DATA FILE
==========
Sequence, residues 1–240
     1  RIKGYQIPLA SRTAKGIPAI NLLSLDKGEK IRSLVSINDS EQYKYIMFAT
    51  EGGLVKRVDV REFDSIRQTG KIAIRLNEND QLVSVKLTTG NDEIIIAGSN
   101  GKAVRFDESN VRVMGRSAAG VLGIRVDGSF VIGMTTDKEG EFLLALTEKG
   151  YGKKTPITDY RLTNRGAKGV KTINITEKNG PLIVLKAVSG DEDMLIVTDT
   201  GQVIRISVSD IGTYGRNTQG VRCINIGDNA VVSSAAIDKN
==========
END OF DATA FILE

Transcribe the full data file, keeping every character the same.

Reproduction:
Sequence, residues 1–240
     1  RIKGYQIPLA SRTAKGIPAI NLLSLDKGEK IRSLVSINDS EQYKYIMFAT
    51  EGGLVKRVDV REFDSIRQTG KIAIRLNEND QLVSVKLTTG NDEIIIAGSN
   101  GKAVRFDESN VRVMGRSAAG VLGIRVDGSF VIGMTTDKEG EFLLALTEKG
   151  YGKKTPITDY RLTNRGAKGV KTINITEKNG PLIVLKAVSG DEDMLIVTDT
   201  GQVIRISVSD IGTYGRNTQG VRCINIGDNA VVSSAAIDKN